Reuters | Tue Nov 17, 2009 | 11:38pm IST
Defying the United States, Israel approved on Tuesday the building of 900 homes for Jews on West Bank land it occupied in the 1967 Arab-Israeli war and annexed to its Jerusalem municipality. The Israeli daily Yedioth Ahronoth said President Barack Obama’s envoy, George Mitchell, had asked an aide to Prime Minister Benjamin Netanyahu, at a meeting in London on Monday, to block the proposed construction at the settlement of Gilo. But a government planning commission approved the addition of 900 housing units at Gilo, where 40,000 Israelis already live. Israel rejects the international description of Gilo as a settlement and says it is a neighbourhood of Jerusalem, the city it claims as its capital. The commission’s decision seemed likely to strengthen the Palestinians’ determination not to resume peace talks until settlement expansion is halted. Israeli government spokesman Mark Regev declined comment on the Yedioth Ahronoth report, which said Netanyahu’s negotiator had rejected Mitchell’s request. Regev repeated Israel’s refusal to include areas it annexed to Jerusalem as part of any accommodation of Obama’s calls for “restraint” in West Bank settlement growth. A spokesman for Nir Barkat, the Israeli mayor of Jerusalem, issued a statement that seemed to confirm the report, saying the mayor “strongly objects to the American demand to halt construction in Jerusalem.” It was not immediately clear when construction work on the new homes in Gilo would begin. Some 500,000 Jews live in the West Bank and East Jerusalem, also captured in 1967, among 2.7 million Palestinians. Israel annexed East Jerusalem after the 1967 war, a move that was not recognised internationally. Palestinians want East Jerusalem to be the capital of a state they hope to establish in the West Bank and Gaza Strip.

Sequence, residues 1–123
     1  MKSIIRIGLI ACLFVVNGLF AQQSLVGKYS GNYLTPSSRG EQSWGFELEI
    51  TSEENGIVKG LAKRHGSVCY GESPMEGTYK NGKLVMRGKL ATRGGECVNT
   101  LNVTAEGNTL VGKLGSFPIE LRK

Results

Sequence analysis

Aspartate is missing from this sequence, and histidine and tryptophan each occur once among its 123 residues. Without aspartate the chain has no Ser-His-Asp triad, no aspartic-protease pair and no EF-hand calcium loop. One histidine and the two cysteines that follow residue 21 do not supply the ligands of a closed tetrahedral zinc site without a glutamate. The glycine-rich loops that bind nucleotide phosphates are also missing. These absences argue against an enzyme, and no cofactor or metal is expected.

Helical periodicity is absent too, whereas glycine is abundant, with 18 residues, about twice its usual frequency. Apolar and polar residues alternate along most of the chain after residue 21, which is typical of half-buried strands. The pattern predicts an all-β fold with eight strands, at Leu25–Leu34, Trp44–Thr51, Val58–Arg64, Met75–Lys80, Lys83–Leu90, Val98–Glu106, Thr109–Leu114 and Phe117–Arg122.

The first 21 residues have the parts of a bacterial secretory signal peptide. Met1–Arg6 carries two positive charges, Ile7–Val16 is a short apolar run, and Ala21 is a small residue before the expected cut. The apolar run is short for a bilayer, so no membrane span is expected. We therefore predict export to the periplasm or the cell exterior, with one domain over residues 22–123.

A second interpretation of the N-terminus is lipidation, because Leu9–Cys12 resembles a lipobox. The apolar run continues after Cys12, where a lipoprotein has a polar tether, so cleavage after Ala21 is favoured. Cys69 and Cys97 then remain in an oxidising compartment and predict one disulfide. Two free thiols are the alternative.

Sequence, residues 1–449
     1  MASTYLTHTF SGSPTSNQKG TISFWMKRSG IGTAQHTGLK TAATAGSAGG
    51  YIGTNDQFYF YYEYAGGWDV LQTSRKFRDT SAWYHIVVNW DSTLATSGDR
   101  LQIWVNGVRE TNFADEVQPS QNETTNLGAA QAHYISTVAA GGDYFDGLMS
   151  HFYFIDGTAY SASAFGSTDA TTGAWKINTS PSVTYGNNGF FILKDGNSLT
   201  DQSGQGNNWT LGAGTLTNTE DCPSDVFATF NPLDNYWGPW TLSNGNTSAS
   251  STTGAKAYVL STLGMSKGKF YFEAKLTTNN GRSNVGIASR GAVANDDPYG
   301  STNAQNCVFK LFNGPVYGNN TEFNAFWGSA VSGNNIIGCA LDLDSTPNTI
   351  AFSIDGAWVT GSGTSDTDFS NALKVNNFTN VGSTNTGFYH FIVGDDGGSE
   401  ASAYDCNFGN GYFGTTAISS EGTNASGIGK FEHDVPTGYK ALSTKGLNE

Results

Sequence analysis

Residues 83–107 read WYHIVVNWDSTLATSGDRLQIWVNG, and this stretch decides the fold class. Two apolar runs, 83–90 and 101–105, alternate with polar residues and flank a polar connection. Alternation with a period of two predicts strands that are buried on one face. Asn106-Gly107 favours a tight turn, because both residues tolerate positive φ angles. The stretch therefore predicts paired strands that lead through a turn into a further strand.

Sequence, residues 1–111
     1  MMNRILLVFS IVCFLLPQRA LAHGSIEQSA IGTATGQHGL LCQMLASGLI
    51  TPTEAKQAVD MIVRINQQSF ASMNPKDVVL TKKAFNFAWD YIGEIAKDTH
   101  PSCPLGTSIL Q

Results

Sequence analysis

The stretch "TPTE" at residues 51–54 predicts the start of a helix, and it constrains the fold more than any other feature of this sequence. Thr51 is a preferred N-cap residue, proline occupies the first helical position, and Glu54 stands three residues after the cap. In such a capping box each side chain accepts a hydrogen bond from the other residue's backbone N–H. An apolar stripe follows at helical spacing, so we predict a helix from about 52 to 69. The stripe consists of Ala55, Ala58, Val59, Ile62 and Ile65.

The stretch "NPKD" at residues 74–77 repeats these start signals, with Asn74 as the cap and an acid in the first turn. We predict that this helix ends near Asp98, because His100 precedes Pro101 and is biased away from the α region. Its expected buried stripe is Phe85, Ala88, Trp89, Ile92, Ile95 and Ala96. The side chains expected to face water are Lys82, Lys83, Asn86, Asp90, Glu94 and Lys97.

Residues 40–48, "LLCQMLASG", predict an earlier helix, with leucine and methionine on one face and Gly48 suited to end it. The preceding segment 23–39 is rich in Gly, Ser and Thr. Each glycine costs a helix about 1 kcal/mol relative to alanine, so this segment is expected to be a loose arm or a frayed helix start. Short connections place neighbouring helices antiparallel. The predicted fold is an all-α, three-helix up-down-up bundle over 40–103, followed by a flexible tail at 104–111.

“Prime Minister Netanyahu, in order to get the peace process back on track, is willing to adopt the policy of the greatest possible restraint concerning growth in the West Bank — but this applies to the West Bank,” Regev said. “Jerusalem is Israel’s capital and will remain as such,” he said, stating an Israeli position not recognised by world powers. Palestinian Foreign Minister Riyad al-Malki condemned the decision as a further step by Israel “intended to prevent the Palestinian state from happening.” U.S. officials were not immediately available for comment. Obama is pressing for a resumption of peace negotiations, suspended nearly a year ago. While calling on Israel to show restraint in settlement expansion as a gesture of goodwill, Washington has urged Palestinian President Mahmoud Abbas to drop his demand for a total freeze on settlements as a condition for new talks. Netanyahu has offered a temporary restriction on building projects that have not already started in the West Bank, but Abbas has rejected this as insufficient, both in scale and because it does not include areas Israel annexed to Jerusalem. Palestinian officials asked the United Nations and the European Union earlier this week to consider whether they might at some point endorse the framework of a Palestinian state without a negotiated solution to the conflict with Israel.